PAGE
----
Transcranial photobiomodulation prevents PTSD-like comorbidities in rats experiencing underwater trauma

Yong Li, Yan Dong, Luodan Yang, Lorelei Tucker, Baocheng Yang, Xuemei Zong, Michael R. Hamblin, Quanguang Zhang

Research output: Contribution to journalArticlepeer-review

Abstract

Maladaptive fear memory processing after a traumatic event is a major contributor to the development of the comorbidities related to posttraumatic stress disorder (PTSD). An intervention to normalize this process could be a first-line treatment to prevent PTSD development. However, little progress has been made in identifying interventions that can prevent trauma survivors from developing PTSD. A treatment that could help trauma survivors cope with traumatic memories and decrease the prevalence of PTSD is thus in high demand. This study was designed to investigate the potential beneficial effects of early photobiomodulation (PBM) interventions to prevent PTSD-like comorbidities in animals. PTSD-like comorbidities in rats were induced by an underwater trauma (UWT) procedure, followed by multiple swimming sessions on later days for memory recall. Immediately after UWT and swimming, rats were restrained with or without PBM treatment (808 nm, 25 mW/cm2, 3 J/day). PTSD-like commodities, such as anxiety-like behavior, depression-like behavior, and cognitive dysfunction, were reproduced in UWT-rats. These comorbidities, however, could be prevented by early PBM interventions. By measuring the expression of immediate early genes (IEGs) as neuronal activity markers, we found that PBM treatment differentially regulated Arc and c-fos expression in the hippocampus and amygdala, two PTSD-related brain regions. Additionally, PBM boosted ATP production and regulated protein expression in the hippocampus following stress. Our results demonstrate that PBM can modulate brain activity in response to traumatic and stressful events and that early PBM intervention can prevent the occurrence of PTSD-like comorbidities in rats.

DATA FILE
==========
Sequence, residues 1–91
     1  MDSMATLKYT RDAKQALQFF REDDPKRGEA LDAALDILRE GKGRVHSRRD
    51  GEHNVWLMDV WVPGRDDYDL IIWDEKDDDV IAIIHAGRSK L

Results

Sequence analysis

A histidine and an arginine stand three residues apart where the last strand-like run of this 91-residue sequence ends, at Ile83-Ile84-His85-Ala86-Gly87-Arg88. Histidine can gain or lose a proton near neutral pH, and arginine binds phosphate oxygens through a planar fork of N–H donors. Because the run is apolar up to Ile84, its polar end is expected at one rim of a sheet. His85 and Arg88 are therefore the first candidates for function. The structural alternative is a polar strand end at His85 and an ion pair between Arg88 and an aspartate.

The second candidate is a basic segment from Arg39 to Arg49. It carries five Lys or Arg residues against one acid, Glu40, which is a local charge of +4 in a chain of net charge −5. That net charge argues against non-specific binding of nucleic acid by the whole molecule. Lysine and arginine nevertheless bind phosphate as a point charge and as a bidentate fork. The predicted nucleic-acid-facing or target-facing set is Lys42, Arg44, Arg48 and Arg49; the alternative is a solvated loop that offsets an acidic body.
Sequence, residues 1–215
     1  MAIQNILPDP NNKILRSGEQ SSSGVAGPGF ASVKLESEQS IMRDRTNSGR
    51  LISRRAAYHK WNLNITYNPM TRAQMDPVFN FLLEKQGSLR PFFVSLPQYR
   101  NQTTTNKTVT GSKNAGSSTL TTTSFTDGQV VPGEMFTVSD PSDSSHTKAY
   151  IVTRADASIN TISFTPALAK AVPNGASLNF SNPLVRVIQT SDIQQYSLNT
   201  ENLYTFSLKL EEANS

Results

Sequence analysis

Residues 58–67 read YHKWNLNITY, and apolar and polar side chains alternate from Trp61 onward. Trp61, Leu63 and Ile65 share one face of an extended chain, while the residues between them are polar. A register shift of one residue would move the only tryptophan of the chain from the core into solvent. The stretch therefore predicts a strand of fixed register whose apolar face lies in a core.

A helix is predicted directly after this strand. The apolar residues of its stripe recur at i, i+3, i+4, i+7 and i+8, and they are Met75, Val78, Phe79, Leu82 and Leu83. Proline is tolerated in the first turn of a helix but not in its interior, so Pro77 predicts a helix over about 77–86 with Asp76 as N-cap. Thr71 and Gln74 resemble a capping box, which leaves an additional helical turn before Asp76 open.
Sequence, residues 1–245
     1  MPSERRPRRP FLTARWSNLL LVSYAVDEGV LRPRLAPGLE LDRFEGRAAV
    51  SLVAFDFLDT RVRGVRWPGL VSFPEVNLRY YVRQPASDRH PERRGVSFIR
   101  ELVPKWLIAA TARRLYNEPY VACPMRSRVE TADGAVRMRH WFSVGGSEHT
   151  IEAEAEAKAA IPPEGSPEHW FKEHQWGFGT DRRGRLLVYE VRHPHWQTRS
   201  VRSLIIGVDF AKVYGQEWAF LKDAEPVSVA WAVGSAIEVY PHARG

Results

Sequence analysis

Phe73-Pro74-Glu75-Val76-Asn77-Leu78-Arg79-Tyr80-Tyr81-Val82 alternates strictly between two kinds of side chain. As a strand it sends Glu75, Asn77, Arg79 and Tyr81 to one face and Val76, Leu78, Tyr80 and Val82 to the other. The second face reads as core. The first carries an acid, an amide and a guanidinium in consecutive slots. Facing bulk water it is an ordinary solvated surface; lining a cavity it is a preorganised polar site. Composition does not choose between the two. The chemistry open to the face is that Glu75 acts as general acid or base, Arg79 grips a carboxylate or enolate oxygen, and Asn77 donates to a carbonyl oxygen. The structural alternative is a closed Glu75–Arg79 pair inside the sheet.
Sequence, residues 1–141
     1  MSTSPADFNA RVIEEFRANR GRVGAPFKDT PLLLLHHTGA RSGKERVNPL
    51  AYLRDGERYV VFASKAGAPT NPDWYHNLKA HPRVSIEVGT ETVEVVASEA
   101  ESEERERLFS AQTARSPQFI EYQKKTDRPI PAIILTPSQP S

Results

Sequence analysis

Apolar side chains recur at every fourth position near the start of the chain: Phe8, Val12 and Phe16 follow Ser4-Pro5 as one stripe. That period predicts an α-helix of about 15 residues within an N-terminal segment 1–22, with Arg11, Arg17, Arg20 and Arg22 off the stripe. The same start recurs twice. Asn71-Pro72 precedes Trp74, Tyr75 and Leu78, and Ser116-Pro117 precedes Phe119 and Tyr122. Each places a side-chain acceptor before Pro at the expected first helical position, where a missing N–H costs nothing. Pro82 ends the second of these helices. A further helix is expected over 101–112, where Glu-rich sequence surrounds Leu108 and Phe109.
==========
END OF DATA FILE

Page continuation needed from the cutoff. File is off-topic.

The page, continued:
Original languageEnglish (US)
Article number270
JournalTranslational Psychiatry
Volume11
Issue number1
DOIs
StatePublished - Jun 2021

ASJC Scopus subject areas

  • Psychiatry and Mental health
  • Cellular and Molecular Neuroscience
  • Biological Psychiatry

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